Prosecutors say Ferguson refused to refund another woman's money in October 2009 after a laser hair removal procedure wouldn't work on her blond hair. Charges state the woman called several establishments that told her the laser treatment would not work on her blond hair.

A former medical director for the laser center told police that the defendant was using his name and information to obtain controlled substances and HCG without his authorization, charges state. Staff members said Ferguson would use a copy of the medical director's signature to order HCG from a company based out of Florida, and another doctor's signature to write prescriptions.

Ferguson was charged with one count of second-degree felony aggravated assault and another third-degree felony count of the same charge, as well as one count of unlawful conduct of practicing as a pharmacist without a license and three counts of unlawful conduct of practicing medicine without a license, both third-degree felonies.

Prosecutors also charged the defendant with two counts of selling, dispersing or otherwise trafficking prescriptions without a license and 10 counts of forgery, all third-degree felonies.

Medical Spa Horror Stories: Woman Dies From Silicone Butt Injections

Illegal medical spas and filler injection services are up and running, and actually killing people.

If it weren't bad enough that there are websites marketing "do it yourself Botox injections" and "filler injection kits" for home use, there are still people out there who are willing to go to a motel room and have non-physicians inject them will industrial silicon.

Two sisters who were selling Botox, filler injections, and butt augmentation in motel rooms are now on the run. Police say they performed illegal cosmetic surgery from inside their residential home and are the cause of one woman’s death.

Some of their patients (victims) went to police after experiencing infections and hardened body parts after receiving silicon injections. One woman, 22-year-old Mayra Lissette Contreras, would die from respiratory failure a day after getting some silicone shots in her buttocks. The sisters were arrested and charged with practicing medicine without a license but were released on bond and have probably fled to Mexico (see below). 

There's always plenty of  smartass advice to give to anyone who may ever contemplate injecting themselves with fake botox or getting cosmetic surgery while bent over someone’s kitchen counter, but I just couldn’t do better than the advice given by by Deputy Chief Kirk Albanese. “If you are receiving an injection at a home in a residential area, that should be the first warning sign that you shouldn’t be there.” But I will add that whether or not a facility is residential or not,  it’s normally not a good idea to receive cosmetic treatment from a 50-year-old woman who looks like a creature commonly seen in movies being chased around by villagers with pitchforks.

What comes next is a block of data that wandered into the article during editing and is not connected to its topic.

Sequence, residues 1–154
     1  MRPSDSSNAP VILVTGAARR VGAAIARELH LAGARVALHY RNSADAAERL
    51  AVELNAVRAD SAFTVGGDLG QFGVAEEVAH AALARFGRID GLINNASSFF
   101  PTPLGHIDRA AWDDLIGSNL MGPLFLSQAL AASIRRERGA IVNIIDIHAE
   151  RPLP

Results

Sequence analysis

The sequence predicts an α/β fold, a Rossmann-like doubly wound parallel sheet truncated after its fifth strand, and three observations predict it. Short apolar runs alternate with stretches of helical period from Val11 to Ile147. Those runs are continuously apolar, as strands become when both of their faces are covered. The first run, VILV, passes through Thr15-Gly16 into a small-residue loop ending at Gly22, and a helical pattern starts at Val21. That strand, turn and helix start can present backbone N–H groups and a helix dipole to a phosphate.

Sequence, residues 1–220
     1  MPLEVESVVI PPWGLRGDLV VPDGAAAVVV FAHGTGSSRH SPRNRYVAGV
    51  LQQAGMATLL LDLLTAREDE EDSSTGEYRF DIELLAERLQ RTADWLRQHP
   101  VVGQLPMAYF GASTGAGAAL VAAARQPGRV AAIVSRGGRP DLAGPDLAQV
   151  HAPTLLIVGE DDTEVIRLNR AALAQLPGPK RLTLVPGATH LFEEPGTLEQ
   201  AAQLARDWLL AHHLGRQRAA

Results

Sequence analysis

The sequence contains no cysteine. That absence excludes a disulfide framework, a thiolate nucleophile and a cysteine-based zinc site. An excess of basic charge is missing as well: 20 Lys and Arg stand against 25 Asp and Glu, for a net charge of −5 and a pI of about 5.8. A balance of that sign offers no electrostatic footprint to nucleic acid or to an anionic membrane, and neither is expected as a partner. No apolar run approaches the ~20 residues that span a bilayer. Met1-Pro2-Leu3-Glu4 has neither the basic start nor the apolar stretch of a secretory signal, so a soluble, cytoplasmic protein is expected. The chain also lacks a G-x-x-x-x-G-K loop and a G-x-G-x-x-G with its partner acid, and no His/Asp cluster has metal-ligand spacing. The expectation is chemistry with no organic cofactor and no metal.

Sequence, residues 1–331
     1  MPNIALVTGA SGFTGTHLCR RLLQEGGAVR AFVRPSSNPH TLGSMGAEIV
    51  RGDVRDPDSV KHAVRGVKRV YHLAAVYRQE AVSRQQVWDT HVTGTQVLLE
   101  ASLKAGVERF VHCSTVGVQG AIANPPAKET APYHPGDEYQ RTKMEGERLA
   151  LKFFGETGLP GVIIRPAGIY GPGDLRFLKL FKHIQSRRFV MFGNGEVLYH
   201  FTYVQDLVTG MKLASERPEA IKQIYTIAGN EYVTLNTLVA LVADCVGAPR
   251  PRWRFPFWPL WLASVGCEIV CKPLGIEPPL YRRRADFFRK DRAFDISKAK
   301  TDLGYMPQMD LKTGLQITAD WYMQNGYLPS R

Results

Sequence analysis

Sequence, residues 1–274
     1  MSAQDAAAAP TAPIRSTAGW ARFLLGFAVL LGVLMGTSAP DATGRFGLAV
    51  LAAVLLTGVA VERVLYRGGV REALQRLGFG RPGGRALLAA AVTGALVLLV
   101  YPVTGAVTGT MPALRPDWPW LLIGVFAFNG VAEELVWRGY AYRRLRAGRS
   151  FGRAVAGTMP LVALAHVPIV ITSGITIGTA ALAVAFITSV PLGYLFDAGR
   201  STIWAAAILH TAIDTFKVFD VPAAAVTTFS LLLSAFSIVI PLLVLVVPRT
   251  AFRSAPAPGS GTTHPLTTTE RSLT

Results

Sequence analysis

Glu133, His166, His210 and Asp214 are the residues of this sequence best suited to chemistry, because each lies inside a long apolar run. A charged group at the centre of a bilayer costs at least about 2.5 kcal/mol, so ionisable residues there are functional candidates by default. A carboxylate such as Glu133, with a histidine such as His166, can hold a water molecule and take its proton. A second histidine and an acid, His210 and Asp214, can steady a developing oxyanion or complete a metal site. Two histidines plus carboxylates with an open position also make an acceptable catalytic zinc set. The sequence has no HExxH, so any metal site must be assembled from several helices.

Sisters sought after woman dies from silicone butt injections


Sisters Guadalupe Viveros, left, and Alejandra Viveros, above, allegedly ran an illegal cosmetic filler injection service and squirted silicon into anyone with a check book.

Guadalupe Viveros, 53, and Alejandra Viveros, 50, may have fled the country after Mayra Lissette Contreras, 22, of Pacoima died Friday after receiving the injection, police said. An autopsy was pending Wednesday, said Ed Winter of the Los Angeles County coroner's office. Initial reports indicated that Contreras died from respiratory distress.

The Viveros sisters were investigated last month by the Los Angeles Police Department after other patients complained that the fillers, typically injected in the face or the buttocks, made them ill. The sisters were taken into custody June 21 for practicing medicine without a license, police said. They were held on $20,000 bail before being released.

They were supposed to be arraigned on Monday, but they skipped their arraignment. Police realized that they are probably on the run, and since the two women have connections in Mexico, authorities suspect they have fled south.

Police say the Viveros sisters are not doctors. Neither is licensed to perform medical procedures in the United States.

They have been allegedly operating an illegal cosmetic surgery business and performing expensive procedures in their home rather than in a licensed operating room, cosmetic clinic or doctor`s office. Patients told police they developed infections and said the silicone used by the sisters turned to hard plastic once inside their body.

LA police are searching for these two women and believe they could be in Mexico. People with information on their whereabouts as well as victims are asked to come forward and contact the Los Angeles Police Department.

LA Times article

And if you thought this was a one-of-a-kind event...

San Diego transgender woman dies after illegal silicone injections.

A 45-year-old transgender woman who received illegal silicone injections at a party in a private home in San Diego has died after nearly a month on life support, the county medical examiner said on Monday.

Patricio Gonzalez, who police said received silicone injections to her hips, buttocks, cheeks and lips, died on Sunday. Gonzalez and at least nine other people were injected at a so-called "pumping party" on June 19, police said.

"Pumping parties," where people seeking a more feminine appearance have silicone injected into their bodies, have been on the upswing in the last few years, experts say. The silicone used at the parties is often industrial-grade material like floor sealant.

The Food and Drug Administration banned direct injections of silicone in 1992 and the substance has been known to migrate within the body and cause chronic, degenerative illnesses.

Gonzalez and another transgender woman received more silicone than the other party guests and suffered immediate respiratory problems, prompting the Los Angeles-area woman who was administering the silicone to flee, police said.